Inspired by an opportunity to partner with San Rafael’s Vivalon on its Healthy Aging Program, Vitality@Vivalon, Ashley Moffett, a graduate student studying Occupational Therapy at Dominican University of California, now has more career options beyond her aspiration to be involved in pediatric care.
“I definitely still want to work with children, but I’m also really interested in healthy aging and preventive health care. I think our country does not focus on that enough and there really is a lack of resources in that area,” Ashley says. “I would love to – even just on the side – create my own healthy aging course in the future or facilitate some other preventative health care or wellness course for a certain population.”
Ashley was hired in February to be the course facilitator for Vitality@Vivalon. For more than 65 years, Vivalon has served as Marin County’s resource hub for older adults and people with disabilities. Ashley had 12 participants during the eight-week course and delved into a variety of topics each week, offering individual health coaching sessions if desired. Ashley helped set the curriculum in the course, which was previously created in partnership with master’s students in Occupational Therapy Program Development in the Community, a course taught by Dr. Gina Tucker-Roghi, chair of Dominican’s OT Department.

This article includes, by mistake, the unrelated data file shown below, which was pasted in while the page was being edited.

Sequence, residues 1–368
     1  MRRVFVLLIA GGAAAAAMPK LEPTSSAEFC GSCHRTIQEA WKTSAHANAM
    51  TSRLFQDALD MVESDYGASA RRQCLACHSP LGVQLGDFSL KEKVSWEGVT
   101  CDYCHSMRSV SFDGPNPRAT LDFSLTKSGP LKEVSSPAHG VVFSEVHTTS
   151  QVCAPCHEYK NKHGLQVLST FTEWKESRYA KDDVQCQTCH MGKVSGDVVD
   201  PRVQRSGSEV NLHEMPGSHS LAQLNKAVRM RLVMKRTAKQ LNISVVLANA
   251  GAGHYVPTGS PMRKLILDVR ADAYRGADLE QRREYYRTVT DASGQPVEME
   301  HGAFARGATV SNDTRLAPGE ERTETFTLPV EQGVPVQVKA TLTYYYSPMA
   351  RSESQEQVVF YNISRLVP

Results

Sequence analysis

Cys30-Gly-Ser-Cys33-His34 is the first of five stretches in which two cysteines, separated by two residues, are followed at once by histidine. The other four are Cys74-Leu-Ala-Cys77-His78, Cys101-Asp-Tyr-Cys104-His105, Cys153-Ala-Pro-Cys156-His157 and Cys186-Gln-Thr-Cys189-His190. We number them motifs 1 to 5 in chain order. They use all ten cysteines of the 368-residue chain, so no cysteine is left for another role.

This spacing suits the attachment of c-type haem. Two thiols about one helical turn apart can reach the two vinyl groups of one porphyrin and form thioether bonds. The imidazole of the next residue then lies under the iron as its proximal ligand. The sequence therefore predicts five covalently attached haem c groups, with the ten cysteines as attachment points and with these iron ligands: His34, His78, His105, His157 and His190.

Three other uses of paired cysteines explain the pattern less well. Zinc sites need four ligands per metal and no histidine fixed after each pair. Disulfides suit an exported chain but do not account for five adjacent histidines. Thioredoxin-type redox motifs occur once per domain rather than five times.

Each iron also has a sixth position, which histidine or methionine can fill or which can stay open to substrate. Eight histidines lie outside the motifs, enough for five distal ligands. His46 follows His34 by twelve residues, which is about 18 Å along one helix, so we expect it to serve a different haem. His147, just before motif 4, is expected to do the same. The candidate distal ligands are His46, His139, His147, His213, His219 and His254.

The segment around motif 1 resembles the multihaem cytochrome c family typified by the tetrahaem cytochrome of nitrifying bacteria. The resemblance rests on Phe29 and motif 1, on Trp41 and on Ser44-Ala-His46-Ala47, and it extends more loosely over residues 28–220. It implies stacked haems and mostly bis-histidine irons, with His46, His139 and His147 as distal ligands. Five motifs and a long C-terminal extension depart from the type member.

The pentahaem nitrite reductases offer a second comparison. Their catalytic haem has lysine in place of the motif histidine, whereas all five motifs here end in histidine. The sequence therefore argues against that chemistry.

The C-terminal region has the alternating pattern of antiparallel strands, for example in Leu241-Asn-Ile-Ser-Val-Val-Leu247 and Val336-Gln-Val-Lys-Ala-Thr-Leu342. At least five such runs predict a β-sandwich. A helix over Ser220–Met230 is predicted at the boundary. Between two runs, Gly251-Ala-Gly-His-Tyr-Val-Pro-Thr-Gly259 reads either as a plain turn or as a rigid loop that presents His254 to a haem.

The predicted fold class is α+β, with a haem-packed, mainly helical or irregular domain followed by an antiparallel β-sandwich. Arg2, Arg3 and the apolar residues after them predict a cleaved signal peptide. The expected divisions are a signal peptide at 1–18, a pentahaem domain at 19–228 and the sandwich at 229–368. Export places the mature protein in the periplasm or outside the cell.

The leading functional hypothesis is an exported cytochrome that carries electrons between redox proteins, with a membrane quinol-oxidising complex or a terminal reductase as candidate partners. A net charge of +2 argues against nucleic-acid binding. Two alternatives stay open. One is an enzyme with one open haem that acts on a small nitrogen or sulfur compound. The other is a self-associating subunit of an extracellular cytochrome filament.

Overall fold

“I adapted it as I needed as I got to know all the participants in my class. I tailored it to them a little bit more,” Ashley says. “There was definitely flexibility there.”
There was also some positive feedback. Participants surveyed at the end of the course gave Ashley high marks for her empathy and for making the experience enjoyable. Ashley worked to further develop the program with follow-up sessions to reengage with the participants on their healthy aging journey, measure health-related outcomes, and continuously improve the program.
“Ashley is thoughtful, organized, compassionate, and collaborative,” says Stephanie McNally, Director of Healthy Aging at Vivalon.
Ashley is also humble.
“The clients themselves really made the class what it was, and I felt I was more like a path for them to get to that place of building those connections and sharing resources with each other,” she says. “I really was a facilitator, and I loved being able to help weave those relationships together to enrich the participants’ experience in the course.”
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Dominican has a longstanding partnership with Vivalon (formerly known as Whistlestop) who launched its free Healthy Aging Program – with Dominican’s help – in 2021. Branded as Vitality@Vivalon, it is designed to give older adults a baseline understanding of their current health, then provide information, tools, and support to encourage a shift toward new skills, habits, and routines that can improve overall health and promote healthy aging.